Professor Ben Hicks visited Jamie whilst he was on placement and said the opportunity, environment and support are exceptional. The fact that Jamie has been embedded in a design team and has been working directly on Apple products from day one is testament not only to his ability and his undergraduate training at Bristol but also the value and importance of interns to Apple. Apple interns are also given considerable support to assist them in relocating for the duration of their internship and are part of a large community of interns who support each other.
Jamie has now been offered a long-term position with Apple, who were so impressed by Jamie’s work during his internship that they are now collaborating with the Industrial Liaison Office to offer Bristol Engineering students internships in California this summer. Interns will be working on Apple TV Product Design. Interested students need to apply by midnight on the 29th October.
Phishing is coming to an inbox near you… And the attacks are getting more sophisticated by the day. Rob Larson from the University of Bristol’s Cyber Security group talks to us about the latest developments and how you can protect yourself online
Last year, 76% of organisations experienced phishing attacks, with nearly half noticing an increase from the previous year*. According to the FBI, American businesses lost $12.5 billion through corporate email attacks. Closer to home, the NHS ransomware attack of 2017 affected dozens of authorities; staff resorted to using pen and paper, and operations were cancelled, with potentially life-threatening results.
Not only are these attacks on the rise, but scammers are turning to ever-more sophisticated methods, exploiting moments in our everyday lives when we’re at our busiest and most vulnerable.
This is an area which interests Rob Larson, whose PhD focuses on online social engineering attacks. He questions the long-standing idea that individuals are the weakest link in the security chain, instead seeing them as an asset and the first line of defence. He believes that a strong organisational defence is multi-layered, with systems fortified through technology and staff trained to understand the psychology of phishing attacks.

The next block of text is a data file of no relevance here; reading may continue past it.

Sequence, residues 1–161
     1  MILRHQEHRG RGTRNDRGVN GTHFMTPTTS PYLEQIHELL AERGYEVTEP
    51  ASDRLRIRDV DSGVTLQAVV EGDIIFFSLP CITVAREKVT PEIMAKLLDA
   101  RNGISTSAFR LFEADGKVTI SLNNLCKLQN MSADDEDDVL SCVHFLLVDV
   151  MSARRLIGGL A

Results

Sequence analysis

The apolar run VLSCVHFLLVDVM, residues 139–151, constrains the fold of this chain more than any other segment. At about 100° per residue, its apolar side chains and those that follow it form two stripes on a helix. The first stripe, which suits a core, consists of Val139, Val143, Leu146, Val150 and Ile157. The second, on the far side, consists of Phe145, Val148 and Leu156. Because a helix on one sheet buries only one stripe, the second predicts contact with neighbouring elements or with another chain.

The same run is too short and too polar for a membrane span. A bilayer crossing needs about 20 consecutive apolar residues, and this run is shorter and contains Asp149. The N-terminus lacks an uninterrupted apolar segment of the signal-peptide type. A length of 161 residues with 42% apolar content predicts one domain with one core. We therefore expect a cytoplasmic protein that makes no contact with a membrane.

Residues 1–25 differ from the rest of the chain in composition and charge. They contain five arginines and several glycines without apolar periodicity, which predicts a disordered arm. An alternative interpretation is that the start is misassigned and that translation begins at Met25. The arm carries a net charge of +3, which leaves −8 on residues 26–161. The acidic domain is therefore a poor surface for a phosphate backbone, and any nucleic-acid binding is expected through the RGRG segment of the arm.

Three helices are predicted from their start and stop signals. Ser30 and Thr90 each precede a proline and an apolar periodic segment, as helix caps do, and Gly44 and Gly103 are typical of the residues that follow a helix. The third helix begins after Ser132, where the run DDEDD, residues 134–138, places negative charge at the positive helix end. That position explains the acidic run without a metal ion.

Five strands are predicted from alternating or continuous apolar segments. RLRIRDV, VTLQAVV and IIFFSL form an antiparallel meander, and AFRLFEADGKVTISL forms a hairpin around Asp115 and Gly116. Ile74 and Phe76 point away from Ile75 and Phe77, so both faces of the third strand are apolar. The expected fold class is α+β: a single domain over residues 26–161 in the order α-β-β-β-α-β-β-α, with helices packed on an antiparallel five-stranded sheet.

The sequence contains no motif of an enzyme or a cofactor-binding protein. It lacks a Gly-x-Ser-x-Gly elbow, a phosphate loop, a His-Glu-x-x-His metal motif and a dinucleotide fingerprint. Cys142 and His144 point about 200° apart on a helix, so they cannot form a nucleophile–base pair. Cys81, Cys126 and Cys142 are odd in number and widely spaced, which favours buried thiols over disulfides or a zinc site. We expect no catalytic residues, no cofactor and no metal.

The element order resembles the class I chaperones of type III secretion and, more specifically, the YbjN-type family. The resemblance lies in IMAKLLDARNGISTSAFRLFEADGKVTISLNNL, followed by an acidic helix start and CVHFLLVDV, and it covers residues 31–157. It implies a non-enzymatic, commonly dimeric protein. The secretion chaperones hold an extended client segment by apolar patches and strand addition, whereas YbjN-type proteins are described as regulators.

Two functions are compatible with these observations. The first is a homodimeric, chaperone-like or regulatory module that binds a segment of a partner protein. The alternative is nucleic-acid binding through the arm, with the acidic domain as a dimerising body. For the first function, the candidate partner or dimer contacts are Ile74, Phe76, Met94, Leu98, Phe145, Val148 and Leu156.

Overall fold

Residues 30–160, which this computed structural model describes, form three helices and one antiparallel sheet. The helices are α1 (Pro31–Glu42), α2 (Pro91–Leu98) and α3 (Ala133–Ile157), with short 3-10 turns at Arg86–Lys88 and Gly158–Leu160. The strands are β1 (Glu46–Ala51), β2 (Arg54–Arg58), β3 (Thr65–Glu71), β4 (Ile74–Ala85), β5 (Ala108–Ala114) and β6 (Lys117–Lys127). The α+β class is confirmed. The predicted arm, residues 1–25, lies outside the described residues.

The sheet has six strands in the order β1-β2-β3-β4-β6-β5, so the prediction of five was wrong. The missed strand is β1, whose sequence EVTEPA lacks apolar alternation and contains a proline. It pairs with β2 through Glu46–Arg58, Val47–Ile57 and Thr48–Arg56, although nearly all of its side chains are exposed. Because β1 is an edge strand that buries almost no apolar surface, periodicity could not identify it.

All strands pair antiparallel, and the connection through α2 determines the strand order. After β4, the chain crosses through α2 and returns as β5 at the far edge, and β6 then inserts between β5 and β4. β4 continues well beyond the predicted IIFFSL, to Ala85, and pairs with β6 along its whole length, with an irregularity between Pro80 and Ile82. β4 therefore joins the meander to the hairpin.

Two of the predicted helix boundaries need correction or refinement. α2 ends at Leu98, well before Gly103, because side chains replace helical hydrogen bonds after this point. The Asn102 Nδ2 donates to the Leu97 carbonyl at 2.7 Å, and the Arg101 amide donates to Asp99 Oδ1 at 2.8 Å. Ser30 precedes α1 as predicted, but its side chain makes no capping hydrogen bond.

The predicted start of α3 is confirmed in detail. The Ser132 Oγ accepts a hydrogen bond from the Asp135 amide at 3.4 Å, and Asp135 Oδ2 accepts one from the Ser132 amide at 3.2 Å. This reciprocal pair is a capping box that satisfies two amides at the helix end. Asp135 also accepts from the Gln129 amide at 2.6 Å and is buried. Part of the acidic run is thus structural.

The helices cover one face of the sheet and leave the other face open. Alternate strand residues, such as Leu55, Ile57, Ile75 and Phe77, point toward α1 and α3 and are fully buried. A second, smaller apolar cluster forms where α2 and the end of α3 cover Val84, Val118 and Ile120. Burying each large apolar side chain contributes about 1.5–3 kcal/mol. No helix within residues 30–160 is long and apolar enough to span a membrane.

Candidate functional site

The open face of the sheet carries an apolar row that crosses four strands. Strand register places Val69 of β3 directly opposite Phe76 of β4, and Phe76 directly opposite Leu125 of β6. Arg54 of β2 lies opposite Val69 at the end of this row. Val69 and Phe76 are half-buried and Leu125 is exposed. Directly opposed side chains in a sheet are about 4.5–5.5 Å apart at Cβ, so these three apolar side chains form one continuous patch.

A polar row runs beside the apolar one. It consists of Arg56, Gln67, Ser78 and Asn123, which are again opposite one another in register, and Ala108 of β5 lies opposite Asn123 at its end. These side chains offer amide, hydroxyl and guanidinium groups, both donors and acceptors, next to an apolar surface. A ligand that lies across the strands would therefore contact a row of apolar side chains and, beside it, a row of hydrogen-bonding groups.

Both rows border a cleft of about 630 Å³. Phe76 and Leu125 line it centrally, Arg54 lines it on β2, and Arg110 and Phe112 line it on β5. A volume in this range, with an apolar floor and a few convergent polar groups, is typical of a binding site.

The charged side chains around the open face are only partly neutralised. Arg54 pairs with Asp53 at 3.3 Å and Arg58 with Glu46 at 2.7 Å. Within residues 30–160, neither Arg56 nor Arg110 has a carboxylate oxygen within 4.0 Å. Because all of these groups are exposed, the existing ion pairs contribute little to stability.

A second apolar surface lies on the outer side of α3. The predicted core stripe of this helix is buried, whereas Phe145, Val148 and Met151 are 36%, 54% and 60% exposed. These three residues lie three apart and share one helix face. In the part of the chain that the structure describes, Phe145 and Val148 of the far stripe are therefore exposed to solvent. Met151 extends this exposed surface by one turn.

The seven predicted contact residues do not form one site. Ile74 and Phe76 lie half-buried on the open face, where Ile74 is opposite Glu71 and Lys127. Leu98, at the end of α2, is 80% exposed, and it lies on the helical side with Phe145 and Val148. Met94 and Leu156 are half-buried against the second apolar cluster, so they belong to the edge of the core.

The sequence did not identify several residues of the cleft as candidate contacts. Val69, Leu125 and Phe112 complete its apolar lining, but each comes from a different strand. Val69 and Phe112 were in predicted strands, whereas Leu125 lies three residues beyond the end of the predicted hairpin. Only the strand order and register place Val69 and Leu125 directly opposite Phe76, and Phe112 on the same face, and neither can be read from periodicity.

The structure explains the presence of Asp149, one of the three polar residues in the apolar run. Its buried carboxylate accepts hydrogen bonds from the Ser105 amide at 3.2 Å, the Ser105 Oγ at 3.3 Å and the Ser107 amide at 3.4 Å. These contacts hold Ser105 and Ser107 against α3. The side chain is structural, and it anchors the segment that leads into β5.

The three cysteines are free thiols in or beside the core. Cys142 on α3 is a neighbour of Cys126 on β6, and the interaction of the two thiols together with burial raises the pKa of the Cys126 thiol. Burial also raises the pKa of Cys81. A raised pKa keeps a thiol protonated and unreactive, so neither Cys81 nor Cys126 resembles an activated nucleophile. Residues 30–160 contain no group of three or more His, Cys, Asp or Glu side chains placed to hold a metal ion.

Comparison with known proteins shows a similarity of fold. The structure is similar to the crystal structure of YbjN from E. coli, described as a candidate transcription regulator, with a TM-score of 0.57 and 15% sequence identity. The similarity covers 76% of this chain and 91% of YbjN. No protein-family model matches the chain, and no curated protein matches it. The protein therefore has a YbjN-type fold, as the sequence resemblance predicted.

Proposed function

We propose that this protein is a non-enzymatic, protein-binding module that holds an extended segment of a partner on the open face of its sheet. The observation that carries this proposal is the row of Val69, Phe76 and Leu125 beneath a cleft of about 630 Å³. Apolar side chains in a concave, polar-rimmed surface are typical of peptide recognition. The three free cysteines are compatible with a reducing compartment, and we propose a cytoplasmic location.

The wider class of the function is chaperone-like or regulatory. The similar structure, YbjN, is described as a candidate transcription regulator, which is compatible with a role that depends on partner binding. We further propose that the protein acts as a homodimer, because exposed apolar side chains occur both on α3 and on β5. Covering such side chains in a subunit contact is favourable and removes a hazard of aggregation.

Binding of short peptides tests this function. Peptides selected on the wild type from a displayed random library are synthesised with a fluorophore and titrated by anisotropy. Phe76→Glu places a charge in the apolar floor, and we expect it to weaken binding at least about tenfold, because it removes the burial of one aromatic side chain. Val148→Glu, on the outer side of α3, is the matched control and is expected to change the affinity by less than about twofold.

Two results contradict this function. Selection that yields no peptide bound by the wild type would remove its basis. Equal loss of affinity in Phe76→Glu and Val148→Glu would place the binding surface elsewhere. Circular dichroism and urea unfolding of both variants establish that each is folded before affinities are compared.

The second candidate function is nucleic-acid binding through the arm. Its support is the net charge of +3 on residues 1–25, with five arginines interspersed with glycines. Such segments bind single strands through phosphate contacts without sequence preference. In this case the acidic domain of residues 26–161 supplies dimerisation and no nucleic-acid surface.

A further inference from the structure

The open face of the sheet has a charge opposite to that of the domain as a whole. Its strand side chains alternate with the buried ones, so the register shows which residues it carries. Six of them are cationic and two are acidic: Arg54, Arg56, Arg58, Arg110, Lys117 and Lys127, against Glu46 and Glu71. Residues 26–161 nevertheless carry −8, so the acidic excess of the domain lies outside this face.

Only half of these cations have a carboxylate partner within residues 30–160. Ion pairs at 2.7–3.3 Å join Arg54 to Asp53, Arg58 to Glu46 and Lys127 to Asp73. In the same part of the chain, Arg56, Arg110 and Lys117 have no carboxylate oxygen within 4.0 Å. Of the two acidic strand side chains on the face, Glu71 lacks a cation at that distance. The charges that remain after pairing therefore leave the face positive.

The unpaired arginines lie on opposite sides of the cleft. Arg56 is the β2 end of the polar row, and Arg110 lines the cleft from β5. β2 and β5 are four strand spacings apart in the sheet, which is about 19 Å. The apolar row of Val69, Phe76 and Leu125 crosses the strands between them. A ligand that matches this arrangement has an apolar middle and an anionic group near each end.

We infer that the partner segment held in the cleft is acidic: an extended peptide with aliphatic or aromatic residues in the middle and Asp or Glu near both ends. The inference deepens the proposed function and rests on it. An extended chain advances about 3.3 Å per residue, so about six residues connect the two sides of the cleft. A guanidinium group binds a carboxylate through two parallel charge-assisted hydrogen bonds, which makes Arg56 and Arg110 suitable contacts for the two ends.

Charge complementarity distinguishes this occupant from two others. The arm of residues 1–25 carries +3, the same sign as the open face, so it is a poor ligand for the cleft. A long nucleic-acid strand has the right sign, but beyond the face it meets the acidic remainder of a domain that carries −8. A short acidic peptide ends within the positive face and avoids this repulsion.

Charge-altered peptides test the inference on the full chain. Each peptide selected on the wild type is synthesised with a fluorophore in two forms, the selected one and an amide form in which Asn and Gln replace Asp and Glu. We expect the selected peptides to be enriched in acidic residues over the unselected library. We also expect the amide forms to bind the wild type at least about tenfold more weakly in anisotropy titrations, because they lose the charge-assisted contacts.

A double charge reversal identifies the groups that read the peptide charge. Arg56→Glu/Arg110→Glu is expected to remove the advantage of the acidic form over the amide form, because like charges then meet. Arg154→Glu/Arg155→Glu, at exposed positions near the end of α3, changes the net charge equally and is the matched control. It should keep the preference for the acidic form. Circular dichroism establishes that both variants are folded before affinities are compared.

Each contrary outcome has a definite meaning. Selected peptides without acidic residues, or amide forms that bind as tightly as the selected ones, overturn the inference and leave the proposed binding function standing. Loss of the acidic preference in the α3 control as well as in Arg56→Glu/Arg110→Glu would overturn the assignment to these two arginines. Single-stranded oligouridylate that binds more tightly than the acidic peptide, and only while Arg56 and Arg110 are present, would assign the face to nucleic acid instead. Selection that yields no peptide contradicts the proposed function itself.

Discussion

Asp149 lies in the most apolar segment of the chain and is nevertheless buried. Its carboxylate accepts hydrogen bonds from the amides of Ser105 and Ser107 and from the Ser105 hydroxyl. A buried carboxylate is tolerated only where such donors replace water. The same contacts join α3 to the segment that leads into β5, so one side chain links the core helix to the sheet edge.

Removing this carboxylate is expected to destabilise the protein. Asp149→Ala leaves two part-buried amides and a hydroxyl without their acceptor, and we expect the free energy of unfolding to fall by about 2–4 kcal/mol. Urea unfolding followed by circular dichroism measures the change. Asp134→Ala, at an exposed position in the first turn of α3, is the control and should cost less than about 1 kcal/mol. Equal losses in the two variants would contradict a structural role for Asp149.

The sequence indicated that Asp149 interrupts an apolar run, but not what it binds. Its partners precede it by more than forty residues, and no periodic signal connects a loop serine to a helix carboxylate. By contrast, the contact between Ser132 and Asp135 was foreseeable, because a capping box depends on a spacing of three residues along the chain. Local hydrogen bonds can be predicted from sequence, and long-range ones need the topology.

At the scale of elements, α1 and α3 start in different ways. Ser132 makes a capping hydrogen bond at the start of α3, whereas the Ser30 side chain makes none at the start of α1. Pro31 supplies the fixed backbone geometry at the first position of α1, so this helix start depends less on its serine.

Rob explains the prevalence of phishing attacks: “When it comes to defences, organisations have traditionally put up a perimeter, to keep the bad guys out, and locked down the systems inside it, in case they get in. So it’s often easier to just target the users of the systems, sitting behind the defences.”
We asked Rob about the wide-ranging aspects of phishing – and for some advice on what to look out for online.
“I’ve always had an interest in the psychology of social engineering, such as phishing scams, and why something so simple remains so effective.
“As a computer scientist, I wanted to understand how they’re performed, why they’re successful and what defences are available. I really wanted to bring our understanding of social engineering up-to-date and address this belief that the people who fall victim are at fault.”
On the evolving face of phishing…
“Phishing can be a very low-cost, low-overhead attack as opposed to using exploitative code to break through a hole in the system, or other costly techniques. Traditionally it was deployed willy-nilly with hundreds to thousands of emails being sent, as spam. Now, we’re seeing not only an increase in the number of attacks, but also an increase in their sophistication. Instead of casting a wide net with a mass generic email, they’re targeting a small number of people with content which is more relevant to the recipient.
“Take a university, for example, the email might talk about systems such as ‘Blackboard’ which students within the university actually use. It might reference specific personal details to seem more legitimate, such as their student ID number or course name. Links in the email might then take users through to a website which is tailored to look like the university’s web portal login, asking the target to input their username and password.